Behind the Scenes: Computer Aided Engineering Expertise
As part of the conception, development and launch of any new vehicle, including the Elio, automotive engineers perform a series of Computer Aided Engineering (CAE) evaluations to appraise safety performance, durability, aerodynamic performance, and general vehicle stiffness. Long before real “hardware” is available for testing, these computer simulations provide valuable data in predicting the vehicle’s capability of absorbing an impact and protecting the occupant, predicting the life of the vehicle structure subjected to long-term mileage accumulation, determining the aerodynamic drag of the vehicle to design for fuel economy, and obtaining the necessary structural performance for handling and noise, vibration and harshness considerations.
CAE has allowed the engineering team to make adjustments to the Elio prior to actual physical tests, which significantly helps to reduce both cost and time to market.
Safety: one of four core Elio Motors tenets
Before the Elio endures an actual, physical impact test, CAE provides the Elio Motors’ engineers the insight necessary to effectively design and tune the appropriate crush zones into the vehicle prior to being manufactured. Which is a valuable step given in a real-world situation, crush zones are what will create a deformation in the vehicle’s structure to control the dissipation of energy and better protect occupants.
“We’re following industry-standard practices as we strive to propel the Elio above and beyond in providing safety,” said Jeff Johnston, Vice President of Engineering for Elio Motors. “Whether front, back, or sides, the Elio has been developed by the engineering team using a combination of solid engineering principles and design creativity in order to provide the best protection possible for occupants.”
When it comes to safety engineering, Johnston explained that the Elio has longer nose and tail areas with plenty of real estate in which crush zones can be engineered to absorb energy. The sides of the vehicle require more attention regarding occupant protection. The Elio’s pillars come into play in anchoring side-impact protection. These are designed to stay stiff and not bend, buckle, or deform. The cross members in the underfloor and roof also are important in absorbing energy.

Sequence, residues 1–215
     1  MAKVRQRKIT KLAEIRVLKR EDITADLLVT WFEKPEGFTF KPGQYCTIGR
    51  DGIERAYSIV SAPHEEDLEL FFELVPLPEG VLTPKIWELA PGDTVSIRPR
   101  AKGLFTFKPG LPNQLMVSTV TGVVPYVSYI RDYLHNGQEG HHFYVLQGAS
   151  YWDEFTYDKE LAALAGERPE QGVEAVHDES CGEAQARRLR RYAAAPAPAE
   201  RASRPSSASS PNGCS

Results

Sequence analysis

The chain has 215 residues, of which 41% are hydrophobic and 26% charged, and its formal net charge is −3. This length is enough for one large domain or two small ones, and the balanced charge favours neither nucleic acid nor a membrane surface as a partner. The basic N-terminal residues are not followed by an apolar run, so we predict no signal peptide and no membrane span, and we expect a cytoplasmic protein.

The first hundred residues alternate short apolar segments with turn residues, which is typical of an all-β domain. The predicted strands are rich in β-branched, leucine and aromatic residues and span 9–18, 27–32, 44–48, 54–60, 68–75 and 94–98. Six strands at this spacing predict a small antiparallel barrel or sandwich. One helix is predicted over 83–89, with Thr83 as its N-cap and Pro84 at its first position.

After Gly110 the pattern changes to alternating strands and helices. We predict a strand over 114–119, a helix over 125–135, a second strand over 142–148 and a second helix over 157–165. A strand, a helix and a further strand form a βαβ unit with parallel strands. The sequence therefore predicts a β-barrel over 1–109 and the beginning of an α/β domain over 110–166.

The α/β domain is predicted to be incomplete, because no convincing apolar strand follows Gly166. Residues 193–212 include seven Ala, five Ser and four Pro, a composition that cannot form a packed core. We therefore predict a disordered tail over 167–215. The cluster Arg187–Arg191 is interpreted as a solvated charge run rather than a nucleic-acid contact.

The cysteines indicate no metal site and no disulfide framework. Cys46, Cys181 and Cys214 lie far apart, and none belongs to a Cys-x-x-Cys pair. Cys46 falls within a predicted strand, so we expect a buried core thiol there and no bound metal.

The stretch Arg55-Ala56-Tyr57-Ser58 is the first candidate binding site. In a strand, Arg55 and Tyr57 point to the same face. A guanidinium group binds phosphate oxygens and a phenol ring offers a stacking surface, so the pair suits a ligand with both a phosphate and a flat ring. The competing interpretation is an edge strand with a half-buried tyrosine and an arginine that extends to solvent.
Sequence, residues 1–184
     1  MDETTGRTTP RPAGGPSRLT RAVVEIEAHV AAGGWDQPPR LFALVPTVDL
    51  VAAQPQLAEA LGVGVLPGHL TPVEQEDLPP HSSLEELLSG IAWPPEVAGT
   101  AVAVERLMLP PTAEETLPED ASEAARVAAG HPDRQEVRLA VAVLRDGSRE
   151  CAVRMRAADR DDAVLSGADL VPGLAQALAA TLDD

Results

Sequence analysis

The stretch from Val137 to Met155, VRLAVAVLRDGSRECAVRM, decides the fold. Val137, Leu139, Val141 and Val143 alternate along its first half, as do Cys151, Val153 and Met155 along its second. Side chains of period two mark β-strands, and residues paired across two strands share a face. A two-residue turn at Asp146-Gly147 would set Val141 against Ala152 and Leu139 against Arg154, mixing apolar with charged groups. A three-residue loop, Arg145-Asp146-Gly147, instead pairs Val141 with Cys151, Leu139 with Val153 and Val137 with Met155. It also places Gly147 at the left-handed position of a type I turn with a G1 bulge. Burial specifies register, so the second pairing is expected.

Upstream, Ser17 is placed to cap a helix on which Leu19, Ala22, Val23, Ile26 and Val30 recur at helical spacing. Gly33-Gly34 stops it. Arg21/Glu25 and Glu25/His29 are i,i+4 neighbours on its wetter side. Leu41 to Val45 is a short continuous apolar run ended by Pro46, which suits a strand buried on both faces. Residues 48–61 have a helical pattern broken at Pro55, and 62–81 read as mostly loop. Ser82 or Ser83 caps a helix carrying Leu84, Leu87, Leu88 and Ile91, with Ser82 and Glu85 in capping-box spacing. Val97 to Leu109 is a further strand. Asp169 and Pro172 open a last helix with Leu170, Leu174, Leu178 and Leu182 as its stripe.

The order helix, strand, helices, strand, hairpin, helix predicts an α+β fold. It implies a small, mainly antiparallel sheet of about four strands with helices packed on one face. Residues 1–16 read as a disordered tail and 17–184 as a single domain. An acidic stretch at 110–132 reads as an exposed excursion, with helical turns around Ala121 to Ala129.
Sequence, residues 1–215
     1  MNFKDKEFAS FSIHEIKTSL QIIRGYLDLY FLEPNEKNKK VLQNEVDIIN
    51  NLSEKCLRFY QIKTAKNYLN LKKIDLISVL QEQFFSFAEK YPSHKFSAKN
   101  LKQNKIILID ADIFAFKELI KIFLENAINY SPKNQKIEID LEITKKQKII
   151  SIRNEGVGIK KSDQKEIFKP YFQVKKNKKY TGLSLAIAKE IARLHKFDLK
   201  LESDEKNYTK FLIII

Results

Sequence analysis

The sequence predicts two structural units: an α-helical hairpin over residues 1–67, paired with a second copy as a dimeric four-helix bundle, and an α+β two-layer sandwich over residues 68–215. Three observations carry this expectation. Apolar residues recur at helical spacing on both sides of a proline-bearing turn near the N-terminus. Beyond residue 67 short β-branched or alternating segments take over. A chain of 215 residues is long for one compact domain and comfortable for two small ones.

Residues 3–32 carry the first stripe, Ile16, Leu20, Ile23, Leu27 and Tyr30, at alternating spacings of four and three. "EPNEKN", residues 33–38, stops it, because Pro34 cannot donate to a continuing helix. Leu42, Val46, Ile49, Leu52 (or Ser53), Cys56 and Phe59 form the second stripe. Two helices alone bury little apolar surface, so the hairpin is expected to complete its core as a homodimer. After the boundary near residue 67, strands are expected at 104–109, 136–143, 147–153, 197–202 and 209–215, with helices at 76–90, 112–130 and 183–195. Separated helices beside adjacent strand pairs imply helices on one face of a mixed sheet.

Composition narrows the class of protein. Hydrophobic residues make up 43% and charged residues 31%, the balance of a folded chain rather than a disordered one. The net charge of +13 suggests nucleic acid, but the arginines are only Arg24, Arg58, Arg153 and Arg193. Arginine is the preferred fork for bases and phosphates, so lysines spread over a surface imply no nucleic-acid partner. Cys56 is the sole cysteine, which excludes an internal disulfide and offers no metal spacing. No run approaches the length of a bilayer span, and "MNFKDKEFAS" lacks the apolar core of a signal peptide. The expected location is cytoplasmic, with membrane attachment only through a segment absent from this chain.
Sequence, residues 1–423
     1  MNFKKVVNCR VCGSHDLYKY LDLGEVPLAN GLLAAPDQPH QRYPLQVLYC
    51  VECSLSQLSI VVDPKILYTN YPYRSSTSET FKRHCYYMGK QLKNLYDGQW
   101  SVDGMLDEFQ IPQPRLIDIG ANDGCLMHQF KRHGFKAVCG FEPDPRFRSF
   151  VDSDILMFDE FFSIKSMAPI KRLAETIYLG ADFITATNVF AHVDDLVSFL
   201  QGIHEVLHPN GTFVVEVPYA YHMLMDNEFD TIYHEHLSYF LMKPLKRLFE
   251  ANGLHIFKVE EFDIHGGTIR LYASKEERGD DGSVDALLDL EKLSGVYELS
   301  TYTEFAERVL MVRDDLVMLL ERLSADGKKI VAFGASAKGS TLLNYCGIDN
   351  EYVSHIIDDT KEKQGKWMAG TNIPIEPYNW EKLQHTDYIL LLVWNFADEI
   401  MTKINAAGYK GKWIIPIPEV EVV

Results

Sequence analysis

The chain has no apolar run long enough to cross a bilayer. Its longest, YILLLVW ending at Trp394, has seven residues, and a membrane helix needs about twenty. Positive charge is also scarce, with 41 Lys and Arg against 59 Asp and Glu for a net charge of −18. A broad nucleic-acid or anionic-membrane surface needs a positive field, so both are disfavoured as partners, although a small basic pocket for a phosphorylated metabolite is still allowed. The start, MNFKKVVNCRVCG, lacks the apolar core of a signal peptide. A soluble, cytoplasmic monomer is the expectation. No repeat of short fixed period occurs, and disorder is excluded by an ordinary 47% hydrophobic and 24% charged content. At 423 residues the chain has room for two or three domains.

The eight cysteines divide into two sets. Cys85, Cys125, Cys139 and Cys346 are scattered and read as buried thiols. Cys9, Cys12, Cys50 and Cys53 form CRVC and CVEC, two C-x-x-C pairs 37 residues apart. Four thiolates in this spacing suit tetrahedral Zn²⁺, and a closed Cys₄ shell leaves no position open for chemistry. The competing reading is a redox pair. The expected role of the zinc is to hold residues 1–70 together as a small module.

The other strategy in energy absorption is tying together the entire safety cage of the vehicle frame as a system. This includes the impact beams that are in the door and right side panel, which play a strong role and tie the entire side of the vehicle together with the vehicle’s pillars. If a vehicle experiences a severe side impact, the beams minimize intrusion and transfer energy to other parts of the vehicle, much like tendons in a person’s arm or leg might pull or stretch to transfer energy or weight in order to absorb a load. The goal is to distribute this energy load around the passengers toward the front and rear of the vehicle.
CAE impact simulation – front view
CAE impact simulation – bottom view
Restraint optimization ensures harmony between seat belts, air bags
The other key to occupant safety is restraints optimization. This is the process of ensuring the seatbelt and airbags work together in terms of belt payout (the amount of travel in the belt and occupant movement during an impact event), airbag deployment timing, and airbag venting to cushion the occupant during deployment.
The Elio also will embrace the LATCH (Lower Anchors and Tethers for Children) system for the passenger seat, which was developed to make it easier to correctly install child safety seats without using seat belts. LATCH can be found in infant, convertible, and forward-facing child safety seats made after Sept. 1, 2002.
As the Elio moves past its engineering phase into its E-Series build phase, know that safety, in terms of body and chassis design and occupant restraint systems, has been thoroughly engineered into the vehicle by Elio Motors in concert with key top tier safety systems suppliers well in advance of the rubber ever hitting the road.